When out with our cameras it’s sometimes easy to get lost in the moment, in the awe of a place. The light, the air the intoxication of a place.
When you get so emotionally invested it’s also easy to lose focus on the skills needed to translate that vision into an image to share.
Sometimes we don’t have time to do more than grab a shot before the moment has faded.
Maybe we haven’t got filters to even out the light between the sky and the land or a tripod to enable taking bracketed shots for layering later.
So what happens when you’ve got an image that falls short of recalling the experience?
How can we inject some mood and atmosphere back into our shot?
How do we make sure we don’t lose that precious memory? How can we share that emotion with our loved ones?
One quick facelift we can use is the Gradient tool available in most image editing programs.
Now this image above won’t win any fantastic prizes or get tons of praise in the photography forums whatever is done to it. That’s not what I want to get out of this shot.
What I want is to be able to recall that amazing feeling of being high in the peaks, the clear air, the last rays of the sun across the landscape, the receding layers of the peaks as they disappear into the encroaching mist. The knowledge that others had stood and gazed at this same view over thousands of years ever since the ice relinquished its grip on the landscape. Here, on top of Mam Tor, the Shivering Mountain.
This is a tool that can helps us bring back mood.
Gradient Tool — Five Minute Fix.
Step by Step Instructions
First of all, open your image in the editor you want to use.
Now, click on the layers tab…
…hover over new adjustment layer…
…and click on levels.
A dialogue box will pop up. Click OK in the box and you will see a new layer has appeared in the column to the right.
Click on the Gradient tool in the sidebar. The pointer will change as you move the mouse across the picture. Move the mouse to the top of the picture so you can still see the cross hair then, while holding the left button down, move the mouse to the bottom of the picture and release the button.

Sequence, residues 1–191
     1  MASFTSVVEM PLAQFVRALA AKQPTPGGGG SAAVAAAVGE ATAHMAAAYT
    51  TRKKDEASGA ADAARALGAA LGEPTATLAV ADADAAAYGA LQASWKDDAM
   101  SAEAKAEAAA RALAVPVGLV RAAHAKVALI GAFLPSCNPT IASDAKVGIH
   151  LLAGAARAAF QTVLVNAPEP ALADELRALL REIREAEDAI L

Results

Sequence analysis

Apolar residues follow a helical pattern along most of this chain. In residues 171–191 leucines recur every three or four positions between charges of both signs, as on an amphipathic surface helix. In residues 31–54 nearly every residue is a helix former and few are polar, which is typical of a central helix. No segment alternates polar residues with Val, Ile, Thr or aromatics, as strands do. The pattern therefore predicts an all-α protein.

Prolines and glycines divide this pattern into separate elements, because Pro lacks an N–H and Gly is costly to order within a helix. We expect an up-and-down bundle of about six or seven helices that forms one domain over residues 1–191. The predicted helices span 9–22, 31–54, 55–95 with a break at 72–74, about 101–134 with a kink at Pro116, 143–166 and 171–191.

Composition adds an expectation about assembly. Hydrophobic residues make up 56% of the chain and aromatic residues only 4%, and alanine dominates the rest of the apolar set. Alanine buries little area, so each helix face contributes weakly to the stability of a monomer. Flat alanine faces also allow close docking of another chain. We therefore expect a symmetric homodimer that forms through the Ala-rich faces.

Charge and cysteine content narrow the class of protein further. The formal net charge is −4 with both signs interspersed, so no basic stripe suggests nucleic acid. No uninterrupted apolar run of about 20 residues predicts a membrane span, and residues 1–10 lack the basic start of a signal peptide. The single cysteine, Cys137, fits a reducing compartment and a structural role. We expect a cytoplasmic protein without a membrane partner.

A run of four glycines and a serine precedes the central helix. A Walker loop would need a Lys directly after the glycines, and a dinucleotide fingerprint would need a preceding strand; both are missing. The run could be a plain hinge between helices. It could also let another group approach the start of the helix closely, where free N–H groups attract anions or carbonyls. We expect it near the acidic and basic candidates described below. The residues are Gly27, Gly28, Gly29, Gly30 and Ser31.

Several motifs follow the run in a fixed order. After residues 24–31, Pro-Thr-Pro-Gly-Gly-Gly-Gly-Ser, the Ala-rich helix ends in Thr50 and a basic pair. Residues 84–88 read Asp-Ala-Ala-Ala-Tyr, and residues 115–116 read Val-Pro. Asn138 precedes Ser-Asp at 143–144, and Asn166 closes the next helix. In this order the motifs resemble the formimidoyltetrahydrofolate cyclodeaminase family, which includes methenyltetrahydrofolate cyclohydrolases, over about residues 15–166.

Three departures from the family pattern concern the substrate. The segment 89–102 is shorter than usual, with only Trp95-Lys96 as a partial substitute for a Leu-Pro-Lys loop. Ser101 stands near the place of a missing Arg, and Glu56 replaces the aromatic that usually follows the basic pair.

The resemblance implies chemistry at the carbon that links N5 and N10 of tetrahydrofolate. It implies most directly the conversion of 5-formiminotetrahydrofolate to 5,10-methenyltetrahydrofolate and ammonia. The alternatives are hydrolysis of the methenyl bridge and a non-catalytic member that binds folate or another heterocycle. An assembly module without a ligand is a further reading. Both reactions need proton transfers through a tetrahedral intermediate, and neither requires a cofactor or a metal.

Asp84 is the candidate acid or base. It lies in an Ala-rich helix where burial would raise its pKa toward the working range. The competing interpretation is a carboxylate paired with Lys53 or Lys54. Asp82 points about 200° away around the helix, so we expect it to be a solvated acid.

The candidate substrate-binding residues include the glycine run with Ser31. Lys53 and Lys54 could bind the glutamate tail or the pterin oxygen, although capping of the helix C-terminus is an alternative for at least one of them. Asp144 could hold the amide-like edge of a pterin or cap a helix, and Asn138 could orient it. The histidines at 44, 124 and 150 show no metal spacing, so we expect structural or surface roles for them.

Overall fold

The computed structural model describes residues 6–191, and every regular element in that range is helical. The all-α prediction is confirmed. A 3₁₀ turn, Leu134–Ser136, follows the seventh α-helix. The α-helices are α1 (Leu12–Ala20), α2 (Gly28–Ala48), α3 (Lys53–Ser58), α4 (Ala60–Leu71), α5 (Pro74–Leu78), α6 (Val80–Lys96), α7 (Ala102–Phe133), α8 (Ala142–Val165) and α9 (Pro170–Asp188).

Your screen should now look like the one below with a properties box displayed.
The gradient you have set up will alter levels more at the top of the picture than bottom. This means as we darken the sky, the lower area will darken less and at the bottom almost no darkening occurs.
To get some detail back in the sky, reduce the output on the lower slide by moving the white slider to the left.
In my case I also moved the black slider under the histogram to the right to improve the darks.
Finally adjust the grey slider under the middle of the histogram to get the look you are aiming for.
For my image, I also made small adjustments to Saturation and Vibrance to bring out the pale warmth of the setting sun through the “add an adjustment” box and clicking on the icons
Here are the start and finish images for comparison.
If you have a go at this and find any problems, let me know in the comments and I’ll see if I can help.
Also, if there is a particular photographic skill you would like me to produce a step by step guide to, please let me know about that too.
There are a few more articles here on Medium where I try and demystify some of the challenges of working with digital photography. If you enjoyed this article why not take a look at those too.
Happy Creating :-)